Hello World

Introduction

Go is a battery included programming language and has a webserver already built in. The net/http package from the standard library contains all functionalities about the HTTP protocol. This includes (among many other things) an HTTP client and an HTTP server. In this example you will figure out how simple it is, to create a webserver that you can view in your browser.

Registering a Request Handler

First, create a Handler which receives all incomming HTTP connections from browsers, HTTP clients or API requests. A handler in Go is a function with this signature:

func (w http.ResponseWriter, r *http.Request)

The function receives two parameters:

  1. An http.ResponseWriter which is where you write your text/html response to.
  2. An http.Request which contains all information about this HTTP request including things like the URL or header fields.

Registering a request handler to the default HTTP Server is as simple as this:

http.HandleFunc("/", func (w http.ResponseWriter, r *http.Request) {
	fmt.Fprintf(w, "Hello, you've requested: %s\n", r.URL.Path)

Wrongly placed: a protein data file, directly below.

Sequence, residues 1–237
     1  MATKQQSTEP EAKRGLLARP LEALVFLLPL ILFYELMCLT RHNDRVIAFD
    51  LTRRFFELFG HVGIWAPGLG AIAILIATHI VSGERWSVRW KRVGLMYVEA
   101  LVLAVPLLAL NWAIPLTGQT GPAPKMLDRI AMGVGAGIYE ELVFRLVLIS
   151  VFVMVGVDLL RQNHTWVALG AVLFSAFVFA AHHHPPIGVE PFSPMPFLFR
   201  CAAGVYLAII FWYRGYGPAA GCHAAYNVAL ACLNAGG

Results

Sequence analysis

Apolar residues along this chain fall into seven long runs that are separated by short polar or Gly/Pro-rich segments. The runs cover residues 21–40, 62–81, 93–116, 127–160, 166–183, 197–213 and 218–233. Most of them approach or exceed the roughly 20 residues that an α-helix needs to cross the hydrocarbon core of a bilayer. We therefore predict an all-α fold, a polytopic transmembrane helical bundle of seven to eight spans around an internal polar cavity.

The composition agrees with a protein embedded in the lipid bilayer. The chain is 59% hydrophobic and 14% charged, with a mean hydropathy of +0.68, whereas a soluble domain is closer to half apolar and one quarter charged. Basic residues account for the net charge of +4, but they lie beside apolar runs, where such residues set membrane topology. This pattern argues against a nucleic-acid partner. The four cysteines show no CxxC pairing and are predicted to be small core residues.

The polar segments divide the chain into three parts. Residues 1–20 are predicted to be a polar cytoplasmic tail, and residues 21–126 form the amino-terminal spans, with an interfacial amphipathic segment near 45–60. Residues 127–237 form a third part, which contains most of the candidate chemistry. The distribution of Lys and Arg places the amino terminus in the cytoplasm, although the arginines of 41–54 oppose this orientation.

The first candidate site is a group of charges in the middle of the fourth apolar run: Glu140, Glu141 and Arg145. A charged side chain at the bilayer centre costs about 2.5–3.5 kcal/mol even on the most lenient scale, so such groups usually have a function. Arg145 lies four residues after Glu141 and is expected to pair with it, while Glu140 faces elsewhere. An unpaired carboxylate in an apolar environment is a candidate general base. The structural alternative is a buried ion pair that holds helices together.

})

Listen for HTTP Connections

The request handler alone can not accept any HTTP connections from the outside. An HTTP server has to listen on a port to pass connections on to the request handler. Because port 80 is in most cases the default port for HTTP traffic, this server will also listen on it.

The following code will start Go’s default HTTP server and listen for connections on port 80. You can navigate your browser to http://localhost/ and see your server handing your request.

http.ListenAndServe(":80", nil)

The Code (for copy/paste)

This is the complete code that you can use to try out the things you’ve learned in this example.

package main

import (
	"fmt"
	"net/http"
)

func main() {
	http.HandleFunc("/", func(w http.ResponseWriter, r *http.Request) {
		fmt.Fprintf(w, "Hello, you've requested: %s\n", r.URL.Path)
	})

	http.ListenAndServe(":80", nil)
}